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Alternative NamesCFS; Fatigue - chronic; Immune dysfunction syndrome
Definition Return to top
Chronic fatigue syndrome is a condition of prolonged and severe tiredness or weariness (fatigue) that is not relieved by rest and is not directly caused by other conditions. To be diagnosed with this condition, your tiredness must be severe enough to decrease your ability to participate in ordinary activities by 50%.
See also: Fatigue
Causes Return to top
The exact cause of chronic fatigue syndrome (CFS) is unknown. Some researchers suspect it may be caused by a virus, such as Epstein-Barr virus or human herpes virus-6 (HHV-6). However, no specific virus has been identified as the cause.
Studies suggest that CFS may be caused by inflammation along the nervous system, and that this inflammation may be some sort of immune response or process.
Other factors such as age, prior illness, stress, environment, or genetics may also play a role.
CFS most commonly occurs in women ages 30 to 50.
The Centers for Disease Control (CDC) describes CFS as a distinct disorder with specific symptoms and physical signs, based on ruling out other possible causes. The number of persons with CFS is unknown.
Symptoms Return to top
Symptoms of CFS are similar to those of most common viral infections (muscle aches, headache, and fatigue). They come on within a few hours or days and last for 6 months or more.
Exams and Tests Return to top
Physical examination may confirm the fever, lymph node tenderness, lymph node swelling, or other symptoms. The throat may appear red without drainage or pus.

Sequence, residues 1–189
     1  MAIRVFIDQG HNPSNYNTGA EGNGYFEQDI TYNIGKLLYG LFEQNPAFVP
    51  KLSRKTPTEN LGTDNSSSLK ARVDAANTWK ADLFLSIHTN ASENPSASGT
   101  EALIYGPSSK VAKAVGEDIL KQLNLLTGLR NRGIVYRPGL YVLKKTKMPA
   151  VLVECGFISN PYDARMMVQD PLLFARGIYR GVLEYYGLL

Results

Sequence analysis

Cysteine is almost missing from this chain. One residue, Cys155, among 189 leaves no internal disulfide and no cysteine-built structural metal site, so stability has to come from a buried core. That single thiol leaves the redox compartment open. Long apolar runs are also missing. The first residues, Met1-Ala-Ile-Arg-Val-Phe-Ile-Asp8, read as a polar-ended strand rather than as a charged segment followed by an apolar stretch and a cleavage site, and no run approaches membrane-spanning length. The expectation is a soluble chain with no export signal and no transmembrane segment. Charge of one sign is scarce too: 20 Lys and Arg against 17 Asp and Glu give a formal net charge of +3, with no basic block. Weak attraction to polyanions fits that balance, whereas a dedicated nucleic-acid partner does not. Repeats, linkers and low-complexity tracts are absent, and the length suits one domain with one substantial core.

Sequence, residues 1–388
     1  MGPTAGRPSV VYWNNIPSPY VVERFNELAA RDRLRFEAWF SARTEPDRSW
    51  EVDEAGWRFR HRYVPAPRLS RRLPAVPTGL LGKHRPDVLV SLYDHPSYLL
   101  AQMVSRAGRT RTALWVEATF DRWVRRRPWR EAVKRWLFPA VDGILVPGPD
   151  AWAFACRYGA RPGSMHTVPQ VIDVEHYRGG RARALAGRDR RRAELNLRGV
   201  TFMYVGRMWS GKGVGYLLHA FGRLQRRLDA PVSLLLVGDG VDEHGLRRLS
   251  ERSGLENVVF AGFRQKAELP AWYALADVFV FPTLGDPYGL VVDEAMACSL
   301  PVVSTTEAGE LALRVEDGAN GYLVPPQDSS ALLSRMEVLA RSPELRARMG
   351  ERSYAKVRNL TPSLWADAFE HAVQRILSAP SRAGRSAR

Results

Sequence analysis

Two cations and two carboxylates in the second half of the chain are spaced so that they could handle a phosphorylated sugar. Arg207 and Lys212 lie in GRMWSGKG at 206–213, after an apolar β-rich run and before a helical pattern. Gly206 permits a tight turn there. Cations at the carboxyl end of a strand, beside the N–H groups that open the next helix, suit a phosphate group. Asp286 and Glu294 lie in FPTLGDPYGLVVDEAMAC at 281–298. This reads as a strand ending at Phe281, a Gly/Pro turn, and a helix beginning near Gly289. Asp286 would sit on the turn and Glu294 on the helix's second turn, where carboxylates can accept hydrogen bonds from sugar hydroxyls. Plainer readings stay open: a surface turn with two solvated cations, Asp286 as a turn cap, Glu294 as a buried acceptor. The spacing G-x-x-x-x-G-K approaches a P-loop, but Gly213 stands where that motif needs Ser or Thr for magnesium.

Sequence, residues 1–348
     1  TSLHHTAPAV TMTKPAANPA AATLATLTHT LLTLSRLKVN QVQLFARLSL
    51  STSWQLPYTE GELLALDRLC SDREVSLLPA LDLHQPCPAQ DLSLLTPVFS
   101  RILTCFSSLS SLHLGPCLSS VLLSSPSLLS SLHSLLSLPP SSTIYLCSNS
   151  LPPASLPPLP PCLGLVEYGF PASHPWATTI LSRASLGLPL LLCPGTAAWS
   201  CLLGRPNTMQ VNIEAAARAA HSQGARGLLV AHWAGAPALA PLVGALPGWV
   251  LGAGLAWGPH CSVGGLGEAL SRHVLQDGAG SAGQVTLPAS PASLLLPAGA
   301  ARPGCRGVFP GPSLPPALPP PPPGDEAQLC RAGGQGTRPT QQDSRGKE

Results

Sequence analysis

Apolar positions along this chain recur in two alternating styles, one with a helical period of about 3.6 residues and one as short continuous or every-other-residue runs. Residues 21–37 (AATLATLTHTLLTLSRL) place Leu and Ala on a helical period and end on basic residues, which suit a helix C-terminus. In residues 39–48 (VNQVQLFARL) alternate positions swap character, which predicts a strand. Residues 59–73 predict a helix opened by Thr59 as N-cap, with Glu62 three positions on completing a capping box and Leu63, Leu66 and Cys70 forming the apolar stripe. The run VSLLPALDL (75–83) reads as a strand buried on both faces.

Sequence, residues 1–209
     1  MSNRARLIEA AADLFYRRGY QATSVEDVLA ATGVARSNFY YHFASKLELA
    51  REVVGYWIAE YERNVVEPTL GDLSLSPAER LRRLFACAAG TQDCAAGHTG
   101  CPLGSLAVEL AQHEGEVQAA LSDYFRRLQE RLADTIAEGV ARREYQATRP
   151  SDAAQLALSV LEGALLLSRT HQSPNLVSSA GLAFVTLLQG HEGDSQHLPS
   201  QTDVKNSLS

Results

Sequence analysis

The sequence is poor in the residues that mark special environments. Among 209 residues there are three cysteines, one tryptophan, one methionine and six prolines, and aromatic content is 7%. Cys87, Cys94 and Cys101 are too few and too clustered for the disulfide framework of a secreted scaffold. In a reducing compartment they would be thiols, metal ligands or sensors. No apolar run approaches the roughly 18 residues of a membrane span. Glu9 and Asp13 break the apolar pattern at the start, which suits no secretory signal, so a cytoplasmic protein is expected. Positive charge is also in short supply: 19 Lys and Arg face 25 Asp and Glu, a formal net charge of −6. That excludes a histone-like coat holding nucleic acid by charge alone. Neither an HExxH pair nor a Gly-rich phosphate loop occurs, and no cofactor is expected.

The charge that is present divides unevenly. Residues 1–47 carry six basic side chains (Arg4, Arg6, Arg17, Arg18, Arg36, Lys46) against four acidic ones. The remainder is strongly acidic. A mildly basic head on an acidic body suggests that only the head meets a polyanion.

The health care provider will diagnose chronic fatigue syndrome (CFS) only after ruling out all other known possible causes of fatigue, such as:
A diagnosis of CFS must include:
There are no specific tests to confirm the diagnosis of CFS, though a variety of tests are usually done to exclude other possible causes of the symptoms.
The following test results, while not specific enough to diagnose CFS, are seen consistently in people who are eventually diagnosed with the disorder:
Treatment Return to top
There is currently no cure for CFS. Instead, the symptoms are treated. Many people with CFS experience depression and other psychological problems that may improve with treatment.
Some of the proposed treatments include:
Some medications can cause adverse reactions or side effects that are worse than the original symptoms of chronic fatigue syndrome.
Patients with CFS are encouraged to maintain active social lives. Mild physical exercise may also be helpful.
Outlook (Prognosis) Return to top
The long-term outlook for patients with CFS is variable and difficult to predict when symptoms first start. Some patients have been reported to completely recover after 6 months to a year. Others may take longer for a complete recovery.
Some patients report never returning to their pre-illness state. Most studies report that patients treated in an extensive rehabilitation program are more likely to recover completely than those patients who don't seek treatment.
Possible Complications Return to top
When to Contact a Medical Professional Return to top
Call for an appointment with your health care provider if you experience persistent, severe fatigue, with or without other symptoms of this disorder. Other more serious disorders can cause similar symptoms and should be ruled out.
See also:Chronic fatigue syndrome - resources
References Return to top
Harris ED, Budd RC, Genovese MC, Firestein GS, Sargent JS, Sledge CB. Kelley's Textbook of Rheumatology. 7th ed. St. Louis, Mo: WB Saunders; 2005:525.
Rakel RE, Bope ET. Conn's Current Therapy 2008. 60th ed. Philadelphia, Pa: Saunders Elsevier; 2008.Update Date: 2/3/2009 Updated by: Mark James Borigini, Associate Clinical Professor of Medicine, University of California, Irvine, CA. Review provided by VeriMed Healthcare Network. Also reviewed by David Zieve, MD, MHA, Medical Director, A.D.A.M., Inc.